The gunner of the Franklin Expedition

Who was the gunner of the Franklin Expedition?  That’s not a trick question, although it may sound like it as nobody holding the rank of gunner sailed with Erebus and Terror.  However the expedition did have a gunner attached to for just over a month – between 4th March and 7th April 1845.  This man’s name was Joseph George Robinson.

I first heard of Robinson on Alison Freebairn’s blogpost about another man who was assigned to the expedition, but did not sail with it – clerk George Frederick Pinhorn.   ‘G.F. Pinhorn’ and ‘J.G. Robinson’ were both named as crewmembers in 1845 periodicals.  I briefly considered investigating Robinson, concluded his surname was far too common, and promptly forgot about him, only remembering when I happened to be looking at Edmund Wuyts’ very useful transcript of the expedition muster book for HMS Erebus on the Arctonauts website and found ‘Joseph G. Robinson’ listed there as ‘Gunner 2 Class’.  He had joined Erebus from HMS Herald, a ship which would later play a part in the long searches for the Franklin Expedition.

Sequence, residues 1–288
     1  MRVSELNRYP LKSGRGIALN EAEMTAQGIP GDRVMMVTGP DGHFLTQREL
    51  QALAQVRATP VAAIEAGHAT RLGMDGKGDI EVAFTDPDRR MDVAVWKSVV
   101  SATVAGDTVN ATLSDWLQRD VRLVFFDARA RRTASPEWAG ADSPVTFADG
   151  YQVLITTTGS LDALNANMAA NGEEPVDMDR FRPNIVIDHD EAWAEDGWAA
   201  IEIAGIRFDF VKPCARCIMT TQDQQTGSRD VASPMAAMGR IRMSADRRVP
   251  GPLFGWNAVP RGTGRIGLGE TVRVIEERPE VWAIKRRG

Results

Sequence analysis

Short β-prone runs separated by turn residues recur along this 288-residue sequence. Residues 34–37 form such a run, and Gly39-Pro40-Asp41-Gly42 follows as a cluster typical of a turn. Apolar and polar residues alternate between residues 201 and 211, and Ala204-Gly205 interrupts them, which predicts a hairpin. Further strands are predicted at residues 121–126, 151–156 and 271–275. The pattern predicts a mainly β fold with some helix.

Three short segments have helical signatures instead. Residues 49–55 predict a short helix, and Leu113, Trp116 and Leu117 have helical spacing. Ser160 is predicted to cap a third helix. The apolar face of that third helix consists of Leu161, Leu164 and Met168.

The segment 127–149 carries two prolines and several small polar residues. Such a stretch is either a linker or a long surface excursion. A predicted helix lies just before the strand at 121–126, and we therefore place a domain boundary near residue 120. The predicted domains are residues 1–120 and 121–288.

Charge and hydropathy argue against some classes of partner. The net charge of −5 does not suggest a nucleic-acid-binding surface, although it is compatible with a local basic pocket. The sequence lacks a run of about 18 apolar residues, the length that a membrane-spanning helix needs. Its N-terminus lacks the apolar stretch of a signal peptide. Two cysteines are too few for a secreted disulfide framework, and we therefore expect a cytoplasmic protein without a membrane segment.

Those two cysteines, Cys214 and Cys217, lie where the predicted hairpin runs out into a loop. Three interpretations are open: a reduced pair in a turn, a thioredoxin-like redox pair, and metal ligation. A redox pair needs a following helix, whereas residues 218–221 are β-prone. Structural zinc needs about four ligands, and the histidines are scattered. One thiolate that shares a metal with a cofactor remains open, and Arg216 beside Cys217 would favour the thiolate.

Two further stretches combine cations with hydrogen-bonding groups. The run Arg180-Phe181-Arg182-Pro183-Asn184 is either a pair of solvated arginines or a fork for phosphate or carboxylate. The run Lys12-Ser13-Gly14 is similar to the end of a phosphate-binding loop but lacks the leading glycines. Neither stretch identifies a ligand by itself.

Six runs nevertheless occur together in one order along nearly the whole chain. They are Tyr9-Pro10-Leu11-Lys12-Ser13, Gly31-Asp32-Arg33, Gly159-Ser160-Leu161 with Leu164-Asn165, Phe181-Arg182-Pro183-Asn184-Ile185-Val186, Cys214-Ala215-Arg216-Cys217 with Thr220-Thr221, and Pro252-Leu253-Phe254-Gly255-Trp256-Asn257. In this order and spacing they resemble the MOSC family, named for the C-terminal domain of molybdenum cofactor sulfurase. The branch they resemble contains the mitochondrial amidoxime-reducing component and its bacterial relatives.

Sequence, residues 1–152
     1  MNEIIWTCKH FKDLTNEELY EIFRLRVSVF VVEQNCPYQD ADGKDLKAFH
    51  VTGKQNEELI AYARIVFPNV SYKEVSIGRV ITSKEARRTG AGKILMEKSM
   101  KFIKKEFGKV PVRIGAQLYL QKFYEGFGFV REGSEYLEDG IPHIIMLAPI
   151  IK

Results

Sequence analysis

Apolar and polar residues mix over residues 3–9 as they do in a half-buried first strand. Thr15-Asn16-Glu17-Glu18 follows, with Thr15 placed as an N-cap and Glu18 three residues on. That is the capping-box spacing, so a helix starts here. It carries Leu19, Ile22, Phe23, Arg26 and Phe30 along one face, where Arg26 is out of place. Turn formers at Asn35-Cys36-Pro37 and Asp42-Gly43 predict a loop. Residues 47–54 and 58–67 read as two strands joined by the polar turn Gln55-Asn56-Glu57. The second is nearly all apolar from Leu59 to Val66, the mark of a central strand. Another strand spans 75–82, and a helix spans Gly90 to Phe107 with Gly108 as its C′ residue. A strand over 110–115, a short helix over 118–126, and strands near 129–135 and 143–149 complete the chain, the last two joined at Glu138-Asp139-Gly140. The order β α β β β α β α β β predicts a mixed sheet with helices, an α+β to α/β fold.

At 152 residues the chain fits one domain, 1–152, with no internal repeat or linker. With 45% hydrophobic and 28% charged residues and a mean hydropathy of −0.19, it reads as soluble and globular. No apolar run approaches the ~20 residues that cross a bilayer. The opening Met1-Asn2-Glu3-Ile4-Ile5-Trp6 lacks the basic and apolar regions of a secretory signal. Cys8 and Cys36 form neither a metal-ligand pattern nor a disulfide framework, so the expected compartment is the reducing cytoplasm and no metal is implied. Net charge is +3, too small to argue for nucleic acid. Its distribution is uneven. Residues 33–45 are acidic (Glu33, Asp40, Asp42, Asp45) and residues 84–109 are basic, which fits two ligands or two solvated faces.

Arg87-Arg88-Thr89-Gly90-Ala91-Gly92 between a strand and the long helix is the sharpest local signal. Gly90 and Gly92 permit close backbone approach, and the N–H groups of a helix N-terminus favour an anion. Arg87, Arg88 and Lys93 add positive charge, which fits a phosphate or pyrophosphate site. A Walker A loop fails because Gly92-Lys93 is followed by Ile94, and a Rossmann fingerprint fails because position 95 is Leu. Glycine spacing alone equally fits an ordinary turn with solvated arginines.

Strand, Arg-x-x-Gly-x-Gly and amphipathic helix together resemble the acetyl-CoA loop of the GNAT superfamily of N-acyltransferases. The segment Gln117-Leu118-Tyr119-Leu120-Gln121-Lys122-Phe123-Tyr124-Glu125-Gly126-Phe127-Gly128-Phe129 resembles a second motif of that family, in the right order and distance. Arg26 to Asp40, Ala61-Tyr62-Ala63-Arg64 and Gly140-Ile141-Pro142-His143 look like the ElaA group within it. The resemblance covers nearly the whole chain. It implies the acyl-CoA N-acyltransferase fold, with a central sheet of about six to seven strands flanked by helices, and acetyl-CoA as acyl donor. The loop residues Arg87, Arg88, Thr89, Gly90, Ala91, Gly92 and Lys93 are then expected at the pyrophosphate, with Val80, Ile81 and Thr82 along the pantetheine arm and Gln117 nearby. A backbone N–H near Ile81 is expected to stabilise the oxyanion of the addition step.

With a full first name to go on, a search for Robinson suddenly seemed more promising, and Ancestry turned up two copies of his service record – a long one which spilled over two pages. From this and other poking around the web, I put together a bit of basic information on Robinson. He was born in Kent about 1797, which if he’d stayed with the expedition would have made him one of the oldest members with only the two captains, Franklin and Francis Crozier, known to have been older. He first joined the Navy in 1808, when he was only about eleven. It was a time when boys that young serving aboard ship, even at the height of the Napoleonic war, was quite normal. There’s a gap in his naval career between 1814 and 1824, after which he was more or less constantly employed in the Navy down to 1850, receiving his gunner’s Warrant in 1835.

Part of Joseph Robinson’s service record from ADM 29 Piece No 15, showing HMS Erebus